South Korea appears to be less willing to resume food aid. Critics say North Korea is exaggerating its shortages to hoard food in preparation for the 100th anniversary of the birth of its late leader, Kim Il-sung, in April next year.

   The conservative Lee Myung-bak administration suspended food aid to North Korea due to the North's nuclear programs, a departure from Lee's liberal predecessors, who shipped more than 400,000 tons of food and fertilizer each to the North annually.

   Meanwhile, the six-nation talks on North Korea's nuclear programs remain in limbo over U.N. sanctions imposed after the North's nuclear and missile tests and two deadly border attacks that killed 50 South Koreans last year.

   South Korea has demanded North Korea's apology for the attacks before any resumption of the talks, involving the two Koreas, the U.S., China, Japan and Russia.

   Pyongyang denies involvement in the sinking of the South Korean warship Cheonan, and claims the artillery attack on Yeonpyeong Island was provoked by South Korean exercises near the sea border.

   In a toe-in-the-water approach toward the nuclear talks' resumption, South Korea and China recently called on North Korea to have a bilateral nuclear dialogue with South Korea and then another bilateral discussion with the U.S. ahead of any plenary session of the six-party talks. The North has not yet responded to the proposal.

  
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Gov't to Reinforce Manpower to Cope with North Korea Cyber Attacks

SEOUL (Yonhap) -- The government will reinforce its manpower in charge of computer security and emergency planning to swiftly respond to potential North Korean cyber attacks and other forms of provocations, the home affairs ministry said on May 24.

   The Cabinet approved a presidential decree to increase the number of public officials in charge of computer security and emergency planning at 23 related government offices and agencies by 45, the Ministry of Public Administration and Security said.

   A presidential decree, however, does not require approval from the parliament to go into effect.

   Early May, South Korean prosecutors said North Korea's military intelligence organization was behind a cyber attack that paralyzed the computerized banking network of South Korea's National Agricultural Cooperative Federation, or Nonghyup. The attack followed the North's two distributed-denial-of-service (DDoS) attacks on South Korea's major government and corporate Web sites in March and July of 2009.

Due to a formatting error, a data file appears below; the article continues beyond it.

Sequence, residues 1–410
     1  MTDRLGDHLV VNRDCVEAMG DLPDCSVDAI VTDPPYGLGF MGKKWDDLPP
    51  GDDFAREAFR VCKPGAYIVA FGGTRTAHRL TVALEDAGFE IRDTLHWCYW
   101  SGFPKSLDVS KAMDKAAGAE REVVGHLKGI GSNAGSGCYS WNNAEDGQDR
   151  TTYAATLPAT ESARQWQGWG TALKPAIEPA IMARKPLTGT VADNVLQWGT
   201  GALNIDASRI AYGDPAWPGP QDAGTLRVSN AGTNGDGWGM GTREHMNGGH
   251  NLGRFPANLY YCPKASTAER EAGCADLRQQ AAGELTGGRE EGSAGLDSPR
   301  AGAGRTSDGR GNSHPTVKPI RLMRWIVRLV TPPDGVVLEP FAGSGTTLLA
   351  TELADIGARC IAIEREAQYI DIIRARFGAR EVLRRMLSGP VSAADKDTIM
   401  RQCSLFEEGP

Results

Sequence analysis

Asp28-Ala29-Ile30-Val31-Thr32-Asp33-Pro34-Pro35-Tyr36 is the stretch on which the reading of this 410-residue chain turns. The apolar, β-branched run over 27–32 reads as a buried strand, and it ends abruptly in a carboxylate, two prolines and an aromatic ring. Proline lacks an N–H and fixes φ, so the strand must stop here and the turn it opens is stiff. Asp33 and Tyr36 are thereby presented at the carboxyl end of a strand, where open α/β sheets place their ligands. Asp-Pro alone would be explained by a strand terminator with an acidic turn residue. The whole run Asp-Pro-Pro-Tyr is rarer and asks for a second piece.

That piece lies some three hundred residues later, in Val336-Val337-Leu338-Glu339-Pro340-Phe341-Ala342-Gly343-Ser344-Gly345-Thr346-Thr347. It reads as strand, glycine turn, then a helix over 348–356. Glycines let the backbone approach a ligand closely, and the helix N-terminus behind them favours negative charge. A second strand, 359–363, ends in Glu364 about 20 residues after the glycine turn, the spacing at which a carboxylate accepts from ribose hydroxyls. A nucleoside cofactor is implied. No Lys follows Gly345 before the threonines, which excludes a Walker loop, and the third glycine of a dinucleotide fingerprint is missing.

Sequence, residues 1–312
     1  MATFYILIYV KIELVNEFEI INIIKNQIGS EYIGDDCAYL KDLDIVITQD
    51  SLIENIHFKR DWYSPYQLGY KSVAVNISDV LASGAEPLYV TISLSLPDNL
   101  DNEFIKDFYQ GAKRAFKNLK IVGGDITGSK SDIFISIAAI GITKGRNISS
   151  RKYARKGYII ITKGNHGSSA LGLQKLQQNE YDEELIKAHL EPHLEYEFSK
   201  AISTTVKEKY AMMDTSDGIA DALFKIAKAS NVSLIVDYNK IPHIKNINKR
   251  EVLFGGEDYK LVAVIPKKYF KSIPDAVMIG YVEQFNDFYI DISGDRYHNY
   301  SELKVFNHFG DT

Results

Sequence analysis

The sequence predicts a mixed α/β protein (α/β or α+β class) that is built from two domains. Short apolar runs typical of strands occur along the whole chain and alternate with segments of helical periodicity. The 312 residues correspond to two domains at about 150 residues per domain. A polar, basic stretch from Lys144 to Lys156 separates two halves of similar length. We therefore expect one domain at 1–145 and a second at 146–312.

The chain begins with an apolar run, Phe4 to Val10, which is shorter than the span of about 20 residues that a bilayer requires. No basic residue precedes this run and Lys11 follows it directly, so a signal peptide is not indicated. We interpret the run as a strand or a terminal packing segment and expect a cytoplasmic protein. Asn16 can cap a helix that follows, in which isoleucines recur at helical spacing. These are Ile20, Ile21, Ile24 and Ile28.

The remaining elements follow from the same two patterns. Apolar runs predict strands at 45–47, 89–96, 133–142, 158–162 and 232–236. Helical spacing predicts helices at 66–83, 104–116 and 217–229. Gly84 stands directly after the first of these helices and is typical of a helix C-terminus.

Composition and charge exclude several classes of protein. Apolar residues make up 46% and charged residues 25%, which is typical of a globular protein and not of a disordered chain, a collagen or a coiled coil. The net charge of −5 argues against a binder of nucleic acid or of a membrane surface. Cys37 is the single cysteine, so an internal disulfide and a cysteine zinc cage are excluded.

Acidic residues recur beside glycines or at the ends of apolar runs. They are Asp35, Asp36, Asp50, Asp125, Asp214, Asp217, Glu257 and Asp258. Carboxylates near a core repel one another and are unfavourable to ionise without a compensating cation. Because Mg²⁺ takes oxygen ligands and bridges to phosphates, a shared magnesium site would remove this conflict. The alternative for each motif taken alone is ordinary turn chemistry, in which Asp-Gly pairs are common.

The Cabinet also endorsed a bill imposing no import duties on crude oil to be used for manufacturing liquefied petroleum gas (LPG) and liquefied natural gas (LNG) until the end of this year to help stabilize the lives of the working class.

   Tensions persist on the Korean Peninsula following North Korea's two deadly attacks on South Korea last year. The North sank a South Korean warship and bombarded one of its border islands, leaving 50 people, including two civilians, dead.

   In particular, the North's shelling of Yeonpyeong Island marked its first direct attack aimed at South Korean territory since the end of the Korean War.

  
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U.S. Imposes Fresh Sanctions on North Korea: State Department

WASHINGTON (Yonhap) -- The United States on May 24 imposed sanctions on a North Korean firm and 15 other foreign firms for trading equipment and technology for the production of weapons of mass destruction.

   (North) Korea Tangun Trading Corp. of North Korea and other companies are accused of having "transferred to or acquired from North Korea, Iran, or Syria equipment and technology listed on multilateral export control lists (Australia Group, Chemical Weapons Convention, Missile Technology Control Regime, Nuclear Suppliers Group, Wassenaar Arrangement) or otherwise having the potential to make a material contribution to WMD or cruise or ballistic missile systems," the State Department said in a statement.

   Tangun Trading has already been blacklisted by the U.S. government and the United Nations, along with scores of other North Korean entities and individuals, for their involvement in North Korea's WMD programs under Security Council resolutions adopted after the North's nuclear and missile tests.

   The new sanctions under the Iran, North Korea and Syria Nonproliferation Act will be effective for two years against Tangun, two Belarusian entities, three Chinese entities and one individual, five Iranian entities and one individual, two Syrian entities and one Venezuelan entity, the statement said.

   "These entities were sanctioned for the transfer to or acquisition from North Korea, Syria or Iran of goods, services or technologies controlled under the various export control regimes or otherwise have the potential to make a material contribution to the developments of WMD or cruise or ballistic missile systems," James Steinberg, deputy secretary of state, told reporters.

  (END)